Janet Downs's picture
Tue, 14/06/2011 - 07:22

Chris's schools is an example of an excellent community school - and there are thousands of them although if you look at the DfE website you would think such schools did not exist. According to the DfE, It's only academies and free schools who can deliver excellence.

A feature in last week's TES magazine would seem to back up the DfE's view. It featured a "turnaround" Liverpool school, now an academy. However, if you read the article (and I recommend it) it gives the reasons for its success:

"While the label of 'academy' is evocative, this is a community school run by Kay [Askew, the academy head] and her team."

The key to this school's success was not the much-trumpeted "advantages" of academy status: autonomy, budget and freedom for LA control but an "intensely personalised curriculum" and behaviour management - the type of things that schools don't need academy status to achieve, the type of things that are found in good community schools.


Helen Flynn's picture
Fri, 01/07/2011 - 17:35

Thanks for this, which I have only just located and read. If your school was an academy, I'm sure it would be one of the much touted, favoured few academies that continue to dominate the affections of the Government.
I am at work within the Lib Dems, hoping to shine the light back onto effective comprehensive education, locally delivered. I believe that to be: the best, most accountable and most efficient use of public resources; the system most likely to promote equality of opportunity which should be very child's right and should give every child the chance to achieve their potential ; and the only system which can promote respect, tolerance and understanding for other people and their capabilities, circumstances and beliefs.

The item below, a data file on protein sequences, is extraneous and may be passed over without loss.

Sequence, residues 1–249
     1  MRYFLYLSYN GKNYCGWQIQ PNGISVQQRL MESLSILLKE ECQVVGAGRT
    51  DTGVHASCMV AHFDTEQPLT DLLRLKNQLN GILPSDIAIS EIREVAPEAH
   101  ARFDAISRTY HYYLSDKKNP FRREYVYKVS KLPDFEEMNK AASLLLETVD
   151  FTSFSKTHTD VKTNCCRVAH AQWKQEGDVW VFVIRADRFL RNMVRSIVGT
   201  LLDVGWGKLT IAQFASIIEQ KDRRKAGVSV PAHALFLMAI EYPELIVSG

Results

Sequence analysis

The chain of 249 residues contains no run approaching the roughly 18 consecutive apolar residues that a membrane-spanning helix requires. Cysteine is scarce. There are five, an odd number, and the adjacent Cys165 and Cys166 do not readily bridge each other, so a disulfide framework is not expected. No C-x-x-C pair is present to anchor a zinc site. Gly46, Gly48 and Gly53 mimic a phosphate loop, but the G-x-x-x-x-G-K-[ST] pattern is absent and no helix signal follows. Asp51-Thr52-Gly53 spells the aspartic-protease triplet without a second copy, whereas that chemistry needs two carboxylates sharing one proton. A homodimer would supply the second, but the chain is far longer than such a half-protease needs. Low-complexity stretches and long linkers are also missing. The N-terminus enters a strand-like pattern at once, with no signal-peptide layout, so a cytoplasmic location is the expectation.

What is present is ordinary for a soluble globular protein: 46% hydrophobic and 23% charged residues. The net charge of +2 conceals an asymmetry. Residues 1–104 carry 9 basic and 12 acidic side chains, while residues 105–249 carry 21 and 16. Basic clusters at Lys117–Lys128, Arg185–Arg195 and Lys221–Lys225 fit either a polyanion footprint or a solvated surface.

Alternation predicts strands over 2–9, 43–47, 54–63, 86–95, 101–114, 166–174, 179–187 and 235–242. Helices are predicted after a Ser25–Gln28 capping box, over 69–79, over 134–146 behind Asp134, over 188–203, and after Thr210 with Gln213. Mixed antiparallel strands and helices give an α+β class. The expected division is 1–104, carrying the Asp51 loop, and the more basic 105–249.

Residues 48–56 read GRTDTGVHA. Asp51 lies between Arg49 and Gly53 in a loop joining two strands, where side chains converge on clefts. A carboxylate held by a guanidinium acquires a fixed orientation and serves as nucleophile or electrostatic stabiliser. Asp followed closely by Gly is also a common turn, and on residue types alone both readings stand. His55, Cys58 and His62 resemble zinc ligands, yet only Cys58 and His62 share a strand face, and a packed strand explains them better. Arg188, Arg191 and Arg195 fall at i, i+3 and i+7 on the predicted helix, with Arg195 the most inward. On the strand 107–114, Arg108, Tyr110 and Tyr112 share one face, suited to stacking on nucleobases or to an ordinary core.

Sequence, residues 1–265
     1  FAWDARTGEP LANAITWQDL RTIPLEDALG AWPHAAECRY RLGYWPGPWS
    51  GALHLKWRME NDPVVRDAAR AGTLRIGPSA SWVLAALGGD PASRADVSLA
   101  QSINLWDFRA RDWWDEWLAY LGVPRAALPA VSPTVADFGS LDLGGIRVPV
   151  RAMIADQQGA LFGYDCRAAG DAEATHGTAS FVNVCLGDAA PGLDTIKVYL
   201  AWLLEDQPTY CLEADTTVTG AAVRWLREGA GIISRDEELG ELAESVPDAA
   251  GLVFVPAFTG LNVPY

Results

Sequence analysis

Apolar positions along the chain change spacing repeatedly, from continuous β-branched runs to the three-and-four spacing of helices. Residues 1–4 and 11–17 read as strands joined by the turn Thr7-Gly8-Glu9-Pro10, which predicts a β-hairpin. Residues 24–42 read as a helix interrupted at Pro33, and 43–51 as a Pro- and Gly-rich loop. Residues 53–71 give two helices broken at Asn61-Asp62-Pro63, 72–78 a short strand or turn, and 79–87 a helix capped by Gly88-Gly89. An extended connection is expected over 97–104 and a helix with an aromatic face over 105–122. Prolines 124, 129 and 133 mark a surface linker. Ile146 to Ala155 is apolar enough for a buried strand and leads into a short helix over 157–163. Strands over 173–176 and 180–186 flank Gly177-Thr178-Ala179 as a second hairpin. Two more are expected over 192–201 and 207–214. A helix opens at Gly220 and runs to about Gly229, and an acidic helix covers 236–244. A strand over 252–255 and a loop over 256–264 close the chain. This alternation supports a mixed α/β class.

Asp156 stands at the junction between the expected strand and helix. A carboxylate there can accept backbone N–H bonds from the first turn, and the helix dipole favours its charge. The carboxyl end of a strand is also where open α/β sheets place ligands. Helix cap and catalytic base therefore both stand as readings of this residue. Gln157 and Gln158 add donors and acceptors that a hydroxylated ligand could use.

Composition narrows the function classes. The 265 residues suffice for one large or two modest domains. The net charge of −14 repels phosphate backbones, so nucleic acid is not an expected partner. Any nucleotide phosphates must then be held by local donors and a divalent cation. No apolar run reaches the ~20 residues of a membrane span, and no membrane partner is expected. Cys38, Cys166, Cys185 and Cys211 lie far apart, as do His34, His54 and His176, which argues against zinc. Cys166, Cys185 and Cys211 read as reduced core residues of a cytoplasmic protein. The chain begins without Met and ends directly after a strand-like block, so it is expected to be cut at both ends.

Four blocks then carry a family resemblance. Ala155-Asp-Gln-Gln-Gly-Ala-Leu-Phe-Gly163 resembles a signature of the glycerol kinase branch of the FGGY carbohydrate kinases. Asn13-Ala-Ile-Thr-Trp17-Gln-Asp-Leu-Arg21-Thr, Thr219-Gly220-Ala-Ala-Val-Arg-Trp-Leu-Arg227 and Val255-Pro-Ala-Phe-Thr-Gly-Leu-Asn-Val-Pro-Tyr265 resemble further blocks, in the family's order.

We are not there yet in formulating the counter position to what is happening at the moment with Gove, Gibb, et al, but it is a work in progress, and there are many grass roots Lib Dem supporters absolutely appalled at what is happening currently.
It's a case of "watch this space"!

Tracy McDonald's picture
Mon, 25/03/2013 - 11:46

I was extremely fortunate to be taught by Chris Dunne for 7 years when he was an English Teacher in the borough of Greenwich. I read with absolute belief in what he has achieved as a Headteacher. He had an exceptional quality of making pupils believe in themselves. I came from a background where further education was alien, I not only went on to further education but have been teaching for 30 years.

I have always wanted to provide the best opportunities for my pupils, a desire to learn and to develop qualities for life.
Sadly I am beginning to see the Academy take over being solely driven by academic progress, at all cost. Pressure not only on the pupils but staff too, regardless of the child's well being and emotional progress. the right frame of mind is vital to reducing anxieties and the ability to be in a good place to learn. Its not all about the shiny ICT suite.